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Oral Allergy Syndrome
On February 5, 2009 @ 3:12 pm In All Articles,Food Allergies
Do you ever get an itchy mouth when eating watermelon or cantaloupe? What about that luscious peach that left your gums raw and irritated?
Could be you’re one of millions whose pollen allergy also sets them up to react to certain foods.
It’s called oral allergy syndrome (OAS) and what’s behind it are similarities among some pollen-producing plants and related fruits and vegetables. For instance, a person who gets a runny nose or drippy eyes when exposed to ragweed pollen in the air might develop an itchy, tingling mouth or lips when eating foods with similar proteins.
For ragweed, that includes banana, chamomile, cucumber, echinacea, melon (watermelon, cantaloupe, honeydew), sunflower seed and zucchini.
New York allergist Clifford Bassett, MD, says as many as one out of every three people with seasonal allergies may experience oral allergy syndrome. The exact number is unclear because the condition often goes undiagnosed. Symptoms can be mild and go away quickly, making it less likely that people will see a doctor for diagnosis. Or parents might not associate a child’s dislike of a vegetable with an allergic reaction.
Symptoms can also seem quite random. For instance, many people are only bothered during pollen season; the rest of the year they can eat pollen-related foods with no problem. So if you’re allergic to ragweed, a melon in February (when ragweed is dormant) may not bother you at all, while one in September (when ragweed pollen counts are high) could set off symptoms with the first bite.
Dr. Bassett says some people with OAS will react to fresh foods but not cooked or canned varieties. If you have grass allergy, for instance, you may be able to eat tomato sauce on pizza but develop itchy mouth from fresh tomato in a salad. Others may find they can eat certain varieties of a fruit (Macintosh apples versus Granny Smith, for instance) or fruits without their skins.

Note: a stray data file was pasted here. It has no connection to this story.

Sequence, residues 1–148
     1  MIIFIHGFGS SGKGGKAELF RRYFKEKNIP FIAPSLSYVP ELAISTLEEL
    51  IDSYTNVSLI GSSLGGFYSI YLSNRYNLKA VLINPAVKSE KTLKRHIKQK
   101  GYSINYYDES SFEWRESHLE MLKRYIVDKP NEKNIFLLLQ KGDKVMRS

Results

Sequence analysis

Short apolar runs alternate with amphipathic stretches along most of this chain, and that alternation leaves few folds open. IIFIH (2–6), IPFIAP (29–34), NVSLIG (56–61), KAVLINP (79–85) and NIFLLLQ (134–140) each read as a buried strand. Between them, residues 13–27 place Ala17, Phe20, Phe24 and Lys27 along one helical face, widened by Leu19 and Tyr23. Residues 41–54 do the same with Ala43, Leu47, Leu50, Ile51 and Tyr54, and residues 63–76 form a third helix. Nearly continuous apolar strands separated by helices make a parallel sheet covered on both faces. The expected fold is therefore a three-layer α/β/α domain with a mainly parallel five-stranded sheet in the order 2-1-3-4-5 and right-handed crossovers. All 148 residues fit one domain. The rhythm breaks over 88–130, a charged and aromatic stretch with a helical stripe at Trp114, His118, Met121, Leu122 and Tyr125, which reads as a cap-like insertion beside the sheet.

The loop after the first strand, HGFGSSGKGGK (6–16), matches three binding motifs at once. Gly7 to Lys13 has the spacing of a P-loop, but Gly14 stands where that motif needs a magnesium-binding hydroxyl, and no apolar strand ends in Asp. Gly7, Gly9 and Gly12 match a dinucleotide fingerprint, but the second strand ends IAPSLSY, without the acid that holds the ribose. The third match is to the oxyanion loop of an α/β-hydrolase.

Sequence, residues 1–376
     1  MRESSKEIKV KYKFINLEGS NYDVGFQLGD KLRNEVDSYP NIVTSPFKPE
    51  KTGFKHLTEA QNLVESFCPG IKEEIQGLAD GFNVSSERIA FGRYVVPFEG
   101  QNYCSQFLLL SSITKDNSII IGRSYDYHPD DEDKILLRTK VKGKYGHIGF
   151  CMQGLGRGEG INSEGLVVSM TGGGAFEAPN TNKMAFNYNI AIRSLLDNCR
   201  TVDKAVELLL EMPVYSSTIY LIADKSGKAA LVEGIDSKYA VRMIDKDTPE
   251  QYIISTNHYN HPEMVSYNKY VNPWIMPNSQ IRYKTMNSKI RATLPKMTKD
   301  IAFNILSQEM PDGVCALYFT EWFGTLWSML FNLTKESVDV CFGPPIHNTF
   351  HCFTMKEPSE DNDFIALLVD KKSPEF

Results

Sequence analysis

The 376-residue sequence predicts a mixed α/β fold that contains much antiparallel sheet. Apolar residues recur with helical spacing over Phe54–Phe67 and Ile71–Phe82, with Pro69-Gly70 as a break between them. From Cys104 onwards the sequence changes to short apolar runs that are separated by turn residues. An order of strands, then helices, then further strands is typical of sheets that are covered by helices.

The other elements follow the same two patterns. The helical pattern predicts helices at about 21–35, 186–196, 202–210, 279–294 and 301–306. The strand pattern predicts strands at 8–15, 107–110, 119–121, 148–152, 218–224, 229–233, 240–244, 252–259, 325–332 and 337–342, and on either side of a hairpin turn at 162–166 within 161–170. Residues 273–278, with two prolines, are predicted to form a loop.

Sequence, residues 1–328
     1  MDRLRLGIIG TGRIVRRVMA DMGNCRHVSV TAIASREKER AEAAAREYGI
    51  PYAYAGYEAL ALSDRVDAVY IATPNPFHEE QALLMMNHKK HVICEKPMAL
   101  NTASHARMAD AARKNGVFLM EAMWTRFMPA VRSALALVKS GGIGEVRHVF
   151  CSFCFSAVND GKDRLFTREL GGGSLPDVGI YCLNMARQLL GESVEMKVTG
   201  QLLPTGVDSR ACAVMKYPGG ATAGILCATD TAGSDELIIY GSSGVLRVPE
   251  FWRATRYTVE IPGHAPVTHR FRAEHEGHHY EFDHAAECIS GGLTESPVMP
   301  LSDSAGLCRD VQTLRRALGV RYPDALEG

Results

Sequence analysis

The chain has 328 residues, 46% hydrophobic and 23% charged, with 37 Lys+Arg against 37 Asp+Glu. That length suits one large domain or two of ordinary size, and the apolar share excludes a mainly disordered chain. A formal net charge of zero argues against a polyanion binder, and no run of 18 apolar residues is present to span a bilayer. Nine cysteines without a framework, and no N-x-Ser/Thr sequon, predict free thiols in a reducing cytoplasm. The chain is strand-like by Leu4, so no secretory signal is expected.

In addition to itchiness and irritation, OAS symptoms can include mild swelling or hives in or around the mouth. While most will go away when you stop eating the food, Dr. Bassett says it’s a good idea to see an allergist for an individual consultation any time you experience allergy symptoms related to food.
Food-related symptoms can sometimes alert you to a more dangerous allergy, such as latex. A board-certified allergist can give you an accurate diagnosis, advise you which foods to avoid and recommend treatments to relieve symptoms.
Oral Allergy Syndrome is particularly common among people allergic to ragweed – some 36 million people in the U.S. – but it also affects people with other allergies. Researchers have identified specific foods that relate to birch, grasses and ragweed.
Birch pollen: almond, apple, carrot, celery, cherry, hazelnut, kiwi, peach, pear, plum, potato, pumpkin seed
Grass pollen: kiwi, melon, peach, tomato
Ragweed pollen: banana, chamomile, cucumber, echinacea, melon (watermelon, cantaloupe, honeydew), sunflower seed, zucchini
First published: The MA Report, October 2007
Revised: February 2009
Article printed from Allergy and Asthma Network Mothers of Asthmatics: http://www.aanma.org
URL to article: http://www.aanma.org/2009/02/oral-allergy-syndrome/
URLs in this post:
 Ask the Allergist: Oral Allergy Syndrome: http://www.aanma.org/2012/05/ask-the-allergist-oral-allergy-syndrome/
 Ask the Allergist: Oral Allergy Syndrome: http://www.aanma.org/2012/05/ask-the-allergist-oral-allergy-syndrome-2/
 Shakin’ It Tropical-Style: http://www.aanma.org/publication/aat-subscription/chef-michelle/shakin-it-tropical-style/
 Solving the Peanut Allergy Puzzle: http://www.aanma.org/2009/02/solving-the-peanut-allergy-puzzle/
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